What's the relationship between numbers and faith? Local pastor Tim Carson explores just that in his new book, “The Square Root of God.” I sat down with Carson to find out more about his book, and the place where faith intersects with math, science and more.
Q: What first inspired you explore the intersection of faith and science?
A: I think that part of the idea of “irrelevancy” of faith has come as we have distanced ourselves from science and think that we have to choose one or the other, creating a false dichotomy. I’ve always sought to create bridges and correlations. Tillich had what’s called a “Correlation Model,” in which you take the theological propositions of the Christian faith and the human condition and you find a question-answer correlation that goes back and forth between the two. The answers are to be found in the intersection of the two.
As a happy coincidence, I started having these conversations with people who love mathematics, and I did not know how much math is embedded in theology. But of course it is, and if you do a multi-religious studies across religions, you find that numerology in the book of Numbers plays a role, for example. I started honing in on some of those concepts and the “Ah ha!” moments started coming to me. I thought of how I could draw together a lively conversation that would be a back-and-forth between these two areas. I came up with a five-fold pattern of One, Circle, Pi, Shape and Infinity. Once I started dealing with each of those, I began to see how they were all interrelated.
Q: How does quantum physics contribute to this conversation about math and theology? You write that most of the time, we move in two dimensions until exceptions of anomalies expose hidden things already at work.
A: Something that is outside of cause-and-effect of Newtonian physics surprises us. Those kinds of incidents happen all the time, we’re just not mindful until they do. Suddenly, we see there is an impact far beyond what meets the eye. That makes us aware that that is there all the time.
When physicists talk about string theory and multiverses, that is such an abstract concept until you start to talk about physics and how an electron, as it is traced, can appear and then seem to go to another place, and then reappear in the field. If the idea that a multiverse is valid, the energy and power that we experience in this time and place is alongside of multiple ones that we don’t see. In the past Christians would speak of the spiritual realm, Heaven, the life beyond and ghosts. Whatever those dimensions are, they coexist with this one.
Experiments of human consciousness and prayer or meditation can apply to whether or not intercessory prayer can help sentient beings or objects from a distance. In a Newtonian universe that does not make any sense. In a Quantum universe, it changes, because “here” is “there,” and “now” and “then” and the future are one. Einstein would say that it is an illusion to think they are all separate. On the quantum level, things are happening molecularly and sub-atomically, and our conscious actually has an effect. For people who thought that they had to either defend their religion against science, a new doorway is opened in which every new scientific discovery reinforces the mystery of God. God just gets bigger. Thinking of it in terms of having our one universe, not two means realizing that we do not have a secular universe and a religious universe.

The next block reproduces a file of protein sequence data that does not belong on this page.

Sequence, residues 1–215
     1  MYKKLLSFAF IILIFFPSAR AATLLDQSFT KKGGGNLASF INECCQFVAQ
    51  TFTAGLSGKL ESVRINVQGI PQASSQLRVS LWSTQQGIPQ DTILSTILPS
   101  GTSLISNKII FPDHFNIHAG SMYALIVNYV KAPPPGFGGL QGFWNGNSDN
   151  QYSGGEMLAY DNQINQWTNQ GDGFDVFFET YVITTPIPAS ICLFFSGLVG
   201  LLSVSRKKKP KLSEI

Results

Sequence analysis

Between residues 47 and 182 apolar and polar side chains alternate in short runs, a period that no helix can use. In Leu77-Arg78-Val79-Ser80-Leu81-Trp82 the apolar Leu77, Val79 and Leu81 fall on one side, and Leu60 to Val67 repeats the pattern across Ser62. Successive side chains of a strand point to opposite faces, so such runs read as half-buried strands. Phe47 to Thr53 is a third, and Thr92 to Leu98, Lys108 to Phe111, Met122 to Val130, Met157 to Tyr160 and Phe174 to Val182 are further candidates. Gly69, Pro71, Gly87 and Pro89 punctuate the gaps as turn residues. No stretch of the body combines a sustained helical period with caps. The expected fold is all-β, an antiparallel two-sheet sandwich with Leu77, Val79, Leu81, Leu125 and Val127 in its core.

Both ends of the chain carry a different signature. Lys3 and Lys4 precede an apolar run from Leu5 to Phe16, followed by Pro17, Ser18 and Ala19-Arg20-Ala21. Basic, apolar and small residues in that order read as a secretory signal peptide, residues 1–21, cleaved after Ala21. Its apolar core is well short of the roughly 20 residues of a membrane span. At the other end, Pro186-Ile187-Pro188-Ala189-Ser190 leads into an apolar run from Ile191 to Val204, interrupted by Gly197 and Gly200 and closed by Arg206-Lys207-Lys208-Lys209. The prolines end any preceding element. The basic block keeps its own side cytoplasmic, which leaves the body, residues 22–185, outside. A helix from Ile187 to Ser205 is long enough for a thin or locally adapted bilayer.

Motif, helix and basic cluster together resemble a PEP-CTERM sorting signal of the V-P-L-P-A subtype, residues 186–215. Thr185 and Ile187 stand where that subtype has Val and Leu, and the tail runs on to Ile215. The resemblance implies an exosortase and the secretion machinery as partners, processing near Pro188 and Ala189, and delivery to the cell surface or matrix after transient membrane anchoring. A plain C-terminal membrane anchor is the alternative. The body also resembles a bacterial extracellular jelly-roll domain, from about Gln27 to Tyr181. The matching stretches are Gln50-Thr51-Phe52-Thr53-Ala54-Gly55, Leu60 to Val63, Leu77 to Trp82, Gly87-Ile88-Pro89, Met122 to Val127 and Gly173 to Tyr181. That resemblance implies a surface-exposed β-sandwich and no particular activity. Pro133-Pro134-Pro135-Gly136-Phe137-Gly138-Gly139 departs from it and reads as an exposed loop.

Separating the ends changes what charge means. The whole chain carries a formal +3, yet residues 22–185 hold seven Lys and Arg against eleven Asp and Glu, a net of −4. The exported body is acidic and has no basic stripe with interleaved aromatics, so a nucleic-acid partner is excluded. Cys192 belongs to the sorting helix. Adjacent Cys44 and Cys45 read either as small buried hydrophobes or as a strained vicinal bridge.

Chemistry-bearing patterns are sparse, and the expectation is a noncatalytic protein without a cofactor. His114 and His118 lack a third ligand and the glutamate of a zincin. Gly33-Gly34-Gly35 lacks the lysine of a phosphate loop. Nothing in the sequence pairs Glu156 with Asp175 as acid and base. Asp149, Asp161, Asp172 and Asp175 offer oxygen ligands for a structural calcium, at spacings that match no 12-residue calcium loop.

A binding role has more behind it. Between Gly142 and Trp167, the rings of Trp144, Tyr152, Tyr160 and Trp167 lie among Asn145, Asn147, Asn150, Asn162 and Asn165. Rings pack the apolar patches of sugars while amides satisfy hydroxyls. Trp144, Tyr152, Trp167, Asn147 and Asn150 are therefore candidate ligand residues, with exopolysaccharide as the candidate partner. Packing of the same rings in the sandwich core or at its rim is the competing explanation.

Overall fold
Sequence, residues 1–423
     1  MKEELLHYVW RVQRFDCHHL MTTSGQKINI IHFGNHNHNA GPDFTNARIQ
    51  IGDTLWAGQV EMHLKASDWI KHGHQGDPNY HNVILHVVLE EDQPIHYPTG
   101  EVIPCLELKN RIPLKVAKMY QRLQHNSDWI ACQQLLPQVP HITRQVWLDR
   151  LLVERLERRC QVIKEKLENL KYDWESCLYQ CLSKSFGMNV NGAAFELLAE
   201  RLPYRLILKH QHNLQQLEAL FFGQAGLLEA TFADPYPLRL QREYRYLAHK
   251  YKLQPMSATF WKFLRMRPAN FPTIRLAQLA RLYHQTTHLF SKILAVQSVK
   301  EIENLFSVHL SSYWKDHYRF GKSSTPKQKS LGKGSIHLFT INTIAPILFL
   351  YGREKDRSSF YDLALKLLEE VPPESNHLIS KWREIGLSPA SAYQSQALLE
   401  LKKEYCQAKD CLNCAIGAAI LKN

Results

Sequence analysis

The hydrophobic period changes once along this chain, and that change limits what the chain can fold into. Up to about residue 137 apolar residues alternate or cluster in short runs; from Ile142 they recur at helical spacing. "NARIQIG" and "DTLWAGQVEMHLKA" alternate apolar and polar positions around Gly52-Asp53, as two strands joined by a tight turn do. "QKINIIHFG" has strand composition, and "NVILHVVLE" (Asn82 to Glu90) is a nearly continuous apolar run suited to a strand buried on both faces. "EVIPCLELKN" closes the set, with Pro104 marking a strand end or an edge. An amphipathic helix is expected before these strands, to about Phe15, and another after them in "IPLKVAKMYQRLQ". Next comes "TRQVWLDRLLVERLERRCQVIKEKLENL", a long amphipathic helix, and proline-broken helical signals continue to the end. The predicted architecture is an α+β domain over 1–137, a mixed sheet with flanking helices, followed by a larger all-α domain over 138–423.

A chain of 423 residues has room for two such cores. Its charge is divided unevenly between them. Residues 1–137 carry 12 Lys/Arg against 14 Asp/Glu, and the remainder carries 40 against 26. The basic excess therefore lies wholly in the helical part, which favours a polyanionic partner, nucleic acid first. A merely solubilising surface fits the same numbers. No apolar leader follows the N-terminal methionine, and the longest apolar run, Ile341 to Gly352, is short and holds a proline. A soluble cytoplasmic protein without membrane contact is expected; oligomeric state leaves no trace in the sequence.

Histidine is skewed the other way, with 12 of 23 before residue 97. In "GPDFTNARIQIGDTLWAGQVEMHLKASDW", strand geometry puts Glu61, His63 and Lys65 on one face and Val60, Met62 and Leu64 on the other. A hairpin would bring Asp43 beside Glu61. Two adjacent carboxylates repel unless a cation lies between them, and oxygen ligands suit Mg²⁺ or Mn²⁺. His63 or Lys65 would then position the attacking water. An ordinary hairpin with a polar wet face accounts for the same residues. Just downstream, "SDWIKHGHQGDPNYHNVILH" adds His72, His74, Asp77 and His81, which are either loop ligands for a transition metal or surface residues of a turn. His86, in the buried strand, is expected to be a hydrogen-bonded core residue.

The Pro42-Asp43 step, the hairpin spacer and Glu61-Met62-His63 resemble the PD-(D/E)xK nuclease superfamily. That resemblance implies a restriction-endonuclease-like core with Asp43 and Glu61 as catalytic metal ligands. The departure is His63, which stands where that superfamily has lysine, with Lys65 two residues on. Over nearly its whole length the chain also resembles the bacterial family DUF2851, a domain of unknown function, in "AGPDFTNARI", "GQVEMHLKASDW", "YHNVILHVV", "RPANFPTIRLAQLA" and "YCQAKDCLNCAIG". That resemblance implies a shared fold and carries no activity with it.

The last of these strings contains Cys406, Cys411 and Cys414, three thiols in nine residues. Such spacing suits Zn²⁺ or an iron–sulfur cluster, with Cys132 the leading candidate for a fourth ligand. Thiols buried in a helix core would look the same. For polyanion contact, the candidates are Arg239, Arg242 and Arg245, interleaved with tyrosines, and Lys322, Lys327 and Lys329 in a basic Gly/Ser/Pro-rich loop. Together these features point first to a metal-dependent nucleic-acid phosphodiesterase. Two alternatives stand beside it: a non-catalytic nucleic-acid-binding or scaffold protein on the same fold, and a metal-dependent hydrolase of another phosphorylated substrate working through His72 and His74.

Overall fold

Q: Explain how the circle is symbolic of interfaith unity.
A: Thinking in terms of concentric circles, different traditions occupy different spaces in terms of their practices, their histories and cultures. So they are on different sociocultural planes but they all share the same center. Once we get to the point of realizing a shared center, we can have a breakthrough. With the unity and infinity of the universe being the center, we are all gathered around that center in different degrees of intensity or richness.
Q: How did writing “The Square Root of God” shape your own faith and work?
A: I think that any time you hone your understanding and push yourself, it causes you to develop clarity about these things so that when issues come up, you have thought through these dimensions to a certain degree so you have a sense of how you might interpret that. After immersing yourself in this area, when anything arises that is similar in nature, you have a sense of what that is like, a frame of reference. I think that if you are an honest author and dare to put yourself out there, you will do that by taking some risks. Those who read the book will gain a truer sense on where I am, and will give people handles to freedom and how to interpret things differently from a new point of view. I hope that the book offers some illumination.
Tim Carson is the pastor of Broadway Christian Church. Find more about the church in our directory. You can find out more about his book in this press release.
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